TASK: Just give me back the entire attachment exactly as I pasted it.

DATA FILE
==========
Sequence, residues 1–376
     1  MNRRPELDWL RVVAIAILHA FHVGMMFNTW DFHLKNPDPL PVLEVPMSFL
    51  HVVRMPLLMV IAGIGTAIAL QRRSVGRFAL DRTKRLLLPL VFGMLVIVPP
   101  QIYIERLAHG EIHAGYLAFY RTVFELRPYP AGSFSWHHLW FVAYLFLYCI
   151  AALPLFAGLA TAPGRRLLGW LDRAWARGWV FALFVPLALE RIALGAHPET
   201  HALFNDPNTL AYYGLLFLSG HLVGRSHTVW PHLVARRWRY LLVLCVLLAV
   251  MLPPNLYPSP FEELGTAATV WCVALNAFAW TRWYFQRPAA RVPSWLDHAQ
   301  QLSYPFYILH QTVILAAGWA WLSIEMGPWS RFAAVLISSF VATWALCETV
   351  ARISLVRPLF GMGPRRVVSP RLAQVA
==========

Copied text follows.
Sequence, residues 1–376
     1  MNRRPELDWL RVVAIAILHA FHVGMMFNTW DFHLKNPDPL PVLEVPMSFL
    51  HVVRMPLLMV IAGIGTAIAL QRRSVGRFAL DRTKRLLLPL VFGMLVIVPP
   101  QIYIERLAHG EIHAGYLAFY RTVFELRPYP AGSFSWHHLW FVAYLFLYCI
   151  AALPLFAGLA TAPGRRLLGW LDRAWARGWV FALFVPLALE RIALGAHPET
   201  HALFNDPNTL AYYGLLFLSG HLVGRSHTVW PHLVARRWRY LLVLCVLLAV
   251  MLPPNLYPSP FEELGTAATV WCVALNAFAW TRWYFQRPAA RVPSWLDHAQ
   301  QLSYPFYILH QTVILAAGWA WLSIEMGPWS RFAAVLISSF VATWALCETV
   351  ARISLVRPLF GMGPRRVVSP RLAQVA